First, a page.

The primary reason Mother's Day is overrated is partly because of the aforementioned, but more so because I had the profound pleasure of raising my daughter and son, as a single parent from 3 and 4 years of age, they are now, 21 and 22 years (the mother did seek custody, she's not unfit, two years after our divorce and custody, she relocated to another state).

For 15 years, I received $220 (total for both) per month in Child Support (and some months we didn't get anything). If the shoe were on the other foot, if I had been the non-custodial parent, I would have paid quadruple that amount. I never raised her child support, never wanted to, and if she fell behind, she didn't have to worry about going to jail. To the mother of my children's credit, she did start paying more consistently after she married her current husband (who is now going around telling people that my daughter is his daughter). Also, to their credit, they chipped in financially for High School expenses and is assisting financially with the expenses of college.

My former AT&T co-workers would often ask, "Barry, how are the kids doing?" "They are doing great!" All of my co-workers knew that I was a single parent and were aware of how dedicated I was and will always be toward my kids. They would sometimes reply, "that's great they are doing well, but don't forget, you need that 'ME' time." I would respond, "I treasure every moment with my children and never want to be away from them.. if I need this so-called 'me-time' I can just go to my room or they can go to their rooms." I thoroughly enjoyed going to the Pixar movies with my kids, even enjoyed the 'Chuck E. Cheese' experience.

The only difficult times when raising my children as a single dad was when I was low on cash; when I wondered how I would pay this bill or that bill, especially after I left AT&T after 24 years. The reason I took a package in 2005 was so I could take my kids to school, go up to the school when necessary, and pick them up from school every day. I enjoyed this and never saw it as a "chore" or something I should be applauded for. I would eventually find legitimate opportunities to work virtual office.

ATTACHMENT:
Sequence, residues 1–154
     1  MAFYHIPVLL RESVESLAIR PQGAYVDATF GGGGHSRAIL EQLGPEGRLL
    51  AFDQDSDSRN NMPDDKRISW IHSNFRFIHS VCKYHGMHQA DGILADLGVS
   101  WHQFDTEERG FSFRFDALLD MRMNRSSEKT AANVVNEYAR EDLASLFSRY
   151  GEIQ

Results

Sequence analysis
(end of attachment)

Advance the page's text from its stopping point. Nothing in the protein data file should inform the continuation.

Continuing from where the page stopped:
If you are a dedicated parent, love your children unconditionally, and love being a parent... being a single parent is not difficult at all. I fixed my daughter's hair, I cooked, cleaned, assisted with homework, teacher conferences, extra-curricular school activities, doctor's appointments, while still managing to workout 3-4 times per week (as I'd often workout on my lunch break and on weekends) and never missed a televised Oakland Raiders game (see http://www.oaklandraidersblog.com/).

In August 2006 (kids were 10 and 11 years old), I managed to complete a Bachelor of Arts Degree in Behavioral Science. In addition, to date, I have submitted over 3000 articles on the Internet (under the names 'taskeinc', 'workhomehunion', and my given name). I do not mention these things for a pat on the back. These issues are broached to highlight the self-aggrandizement that many single-mothers get caught up in. To be brutally honest, I'm tired of hearing female parents talk about how "great" they are because of their single mother status.

Over the years, every time a woman has tried to compliment me on being a single dad, I've always rejected the compliment.

The reason I despise such a comment is because first of all, my son and daughter are my children, they are my responsibility. Therefore, I'm supposed to take care of them. When they would respond, "you're right, you just don't see that many men 'stepping up to the plate'. Well, the reason for that (in most cases, not all) is because the judicial deck is stacked against any man trying to gain custody of his kids. Not to mention, some women do every thing they can to keep the father away unless he's bringing a check. Sure, there are many amicable divorces and custody issues, but my experience with the Father's Resource Center and Families First (snapshot of attached article) sheds a much different light on the difficulties that many Fathers face when battling for custody of his children.

So if you're a female and you didn't hear from me on Mother's Day (I'm sure you could give a flying flip), this article has told you why!